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dc.contributor.authorSutherland Rolim Barbi, Paula 16:49:32 (GMT) 16:49:32 (GMT)
dc.description.abstractChanges in climatic conditions can directly impact pavement performance. With alarming temperature records and the increased frequency of extreme weather events, Canadian infrastructure could be at risk if adaptation strategies are neglected. One such piece of infrastructure, namely airports, are essential to a country`s economic success. The construction and maintenance of long-lasting pavements at such facilities is not only important from an economic standpoint, but for the sake of safety. Therefore, it is crucial that airport infrastructure support safe and efficient transportation. In the past two decades, the usage of mechanistic-empirical design procedures for the design of pavement structures has become more prevalent as compared to empirical methods. The use of such methods enables for the implementation of tools that can account for climate variations in pavement design. The mechanistic-empirical approach relies on predicting pavement responses under traffic and relating these responses to field performance. Pavement stress and strain calculations are necessary to estimate the damage to airport pavements over their service life. To this end, several methods are available, which can vary depending on the computational approach used and the way that material properties are considered. The successful mechanistic analysis of flexible pavements requires appropriate models that can accurately reproduce the pavement behavior. However, choosing the model that will best simulate the pavement responses can be a complex task. This thesis examined some of the available computational approaches used for mechanistic analysis of airfield pavements to summarize the state-of-the-practice and to identify enhancement opportunities. Then, selected software packages were compared with field measurements from two case studies. The first case study compared three full scale pavement sections built for the A380 Pavement Experimental Program (PEP) with linear elastic simulations from KENLAYER, NonPAS and ABAQUS. The second case study analyzed the full-scale results from the National Airport Pavement Test Facility (NAPTF) and compared with non-linear elastic simulations modeled in KENLAYER, NonPAS and GT-PAVE. The outcome indicated that KENLAYER and NonPAS presented good results when predicting pavement vertical strains and stresses at the top of the subgrade in both case studies, however, the vertical displacements predicted in case two were quite far from the field measurements. ABAQUS and GT-PAVE successfully predicted the pavement compressive stresses as well as the vertical displacements. The utilization of a design and structural analysis method that can accurately reproduce the pavement behavior can ultimately improve long-term performance and decrease the frequency of maintenance. Such method can provide realistic assessment of the performance evolution with time and hence allow for more effective and timely pavement management interventions to avoid premature failures. To this end, accounting for environmental factors in airport pavement design remains a challenge since most design methods do not consider inputs such as moisture and temperature variation. Between several airport pavement design methods, only two climatic factors are currently considered in the structural design, i.e., frost depth penetration and the reduction in subgrade bearing capacity due to spring thawing. Therefore, to address this research gap and improve the resilience of airport pavements, this research proposes a new methodology for the structural design of flexible airport pavements, utilizing an enhanced mechanistic-empirical approach that can better accommodate the climate change considerations. The methodology proposed in this research was applied to a case study of Toronto Pearson International Airport, using actual field data. A total of five scenarios were evaluated including (1) the Current Climate, (2) Temperature Increase, (3) Lower Matric Suction, (4) and (5) two Flooding Events. The results of the “Current Climate” showed that the traditional FAARFIELD analysis can possibly overestimate fatigue damage and underestimate rutting damage. Among all climate change scenarios evaluated, fatigue damage was found to be slightly affected by changes in soil saturation, which is present at the “Lower Matric Suction” scenario, and “Flooding Events”. However, the effects of the “Temperature Increase” scenario presented fatigue damages that are 43% higher than the “Current Climate” scenario. From the results of climate change scenarios, it could be recognized that changes in soil saturation have a direct effect in the rutting damage. Both the “Lower Matric Suction” and the “Flooding Events” had great impact in rutting damage, however, the highest damage records happened due to the “Lower Matric Suction” scenario. The lowering of the matric suction due to an increase in the ground water table and precipitation levels affects the soil saturation and lowers the subgrade stiffness. The results showed that a significant decrease in the matric suction in Pearson International Airport could elevate damage in the order of about 117% when compared to the “Current Climate” scenario and decrease the pavement service life down to only a few years. Considering the variations in climatic conditions due to the climate change, the proposed methodology can yield major benefits in terms of quantifying these impacts, which can ultimately help with design of more resilient transportation infrastructure such as airfield pavements. This platform enables accounting for climate variations, temperature increase, as well as extreme events such as flooding in the design of flexible airport pavements. The assessment of an optimum design strategy for airport pavements also incorporated an evaluation of frost and thaw changes due to the temperature rise. The increase in temperature may result in the shortening of the freezing season, which can significantly impact airport pavement frost/thaw conditions. In this thesis, the potential effects of the warming temperature in pavement frost/thaw penetration and frost heave were assessed for critical airports across Canada. To that end, the Ministry of Transportation of Ontario (MTO), Ministère des Transports du Québec (MTQ) and Transport Canada Civil Aviation (TCCA) methods were used in the calculations and climate change simulations considering the emission scenario RCP8.5 in a 20 and 40-year horizon. The results show that climate change predictions result in shallower frost penetration depth and possibly less frost heave over the airports not underlain by permafrost, while airports over permafrost areas might experience an increase in thickness of the active layer. Among the different methods used, the Ministère des Transports du Québec’s (MTQ) had the best performance in predicting frost depth of fine soils, while the frost depth of coarse soils was better estimated by the Ministry of Transportation of Ontario (MTO). This research was the first to propose an enhanced pavement design and analysis framework to improve the resiliency of flexible airfield pavements in face of the changing climate. The proposed framework is unique because it can account for the combined effect of materials properties, loading, and climatic conditions through a detailed analysis of the pavement responses. The implementation of the proposed framework allowed for an assessment of the impacts of temperature increase, lower matric suction, and flooding events in pavement performance in the case study of Toronto Pearson Airport. Other key contributions include the study of the impacts of climate and climate change on flexible pavement materials, including the identification of the most relevant parameters for flexible airport pavements. The study of strengths and weaknesses of commonly used methods available to predict pavement responses also provided important contribution, since the influence of using these different tools on the accuracy of the results had not yet been discussed in reference to actual field tests in the existing literature. Lastly, this research provided a comparative study of the Canadian methods available to calculate frost depth, and its accuracy when compared to field data. The outputs can ease planning of future projects in Canada by facilitating the decision on what methods to use, and how ten (10) major airports in Canada will possibly be affected by the shortening of the freezing season.en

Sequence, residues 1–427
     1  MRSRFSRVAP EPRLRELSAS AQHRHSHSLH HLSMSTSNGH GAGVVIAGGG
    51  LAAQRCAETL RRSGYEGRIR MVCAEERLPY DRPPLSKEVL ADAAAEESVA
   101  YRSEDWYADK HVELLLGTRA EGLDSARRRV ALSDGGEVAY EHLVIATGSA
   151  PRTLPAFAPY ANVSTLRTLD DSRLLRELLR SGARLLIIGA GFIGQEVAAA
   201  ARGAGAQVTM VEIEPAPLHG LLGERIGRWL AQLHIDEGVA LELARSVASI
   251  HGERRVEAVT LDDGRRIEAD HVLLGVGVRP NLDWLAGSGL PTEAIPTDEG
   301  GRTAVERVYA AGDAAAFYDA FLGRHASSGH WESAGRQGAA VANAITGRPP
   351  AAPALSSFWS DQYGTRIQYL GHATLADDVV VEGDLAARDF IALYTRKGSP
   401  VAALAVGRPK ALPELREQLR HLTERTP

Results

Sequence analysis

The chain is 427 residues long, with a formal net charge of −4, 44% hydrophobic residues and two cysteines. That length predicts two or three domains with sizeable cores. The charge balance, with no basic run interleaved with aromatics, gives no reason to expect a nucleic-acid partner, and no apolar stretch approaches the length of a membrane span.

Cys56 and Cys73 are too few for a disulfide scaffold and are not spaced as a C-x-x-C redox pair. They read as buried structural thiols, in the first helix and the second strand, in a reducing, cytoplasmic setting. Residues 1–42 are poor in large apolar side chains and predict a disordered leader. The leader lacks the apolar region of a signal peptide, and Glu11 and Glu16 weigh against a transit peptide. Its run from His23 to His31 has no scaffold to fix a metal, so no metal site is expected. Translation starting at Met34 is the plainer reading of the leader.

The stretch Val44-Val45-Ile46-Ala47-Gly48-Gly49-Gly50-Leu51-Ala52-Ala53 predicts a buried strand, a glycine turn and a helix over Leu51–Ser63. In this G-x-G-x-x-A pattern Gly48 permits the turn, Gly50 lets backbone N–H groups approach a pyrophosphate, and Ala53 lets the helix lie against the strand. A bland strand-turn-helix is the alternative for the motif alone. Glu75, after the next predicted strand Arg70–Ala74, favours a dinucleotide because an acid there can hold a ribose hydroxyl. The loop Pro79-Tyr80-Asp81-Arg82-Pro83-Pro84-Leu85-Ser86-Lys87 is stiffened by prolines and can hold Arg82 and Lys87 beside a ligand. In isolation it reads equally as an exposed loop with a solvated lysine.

dc.publisherUniversity of Waterlooen
dc.subjectflexible airfield pavementsen
dc.subjectpavement designen
dc.subjectclimate changeen
dc.subjectcumulative damage factoren
dc.subjectresilient pavementsen
dc.titleAn Enhanced Mechanistic Analysis Framework for Designing Resilient Airfield Pavementsen
dc.typeDoctoral Thesisen
dc.pendingfalse and Environmental Engineeringen Engineeringen of Waterlooen
uws-etd.degreeDoctor of Philosophyen
uws.contributor.advisorTighe, Susan
uws.contributor.advisorTavassoti-Kheiry, Pezhouhan
uws.contributor.affiliation1Faculty of Engineeringen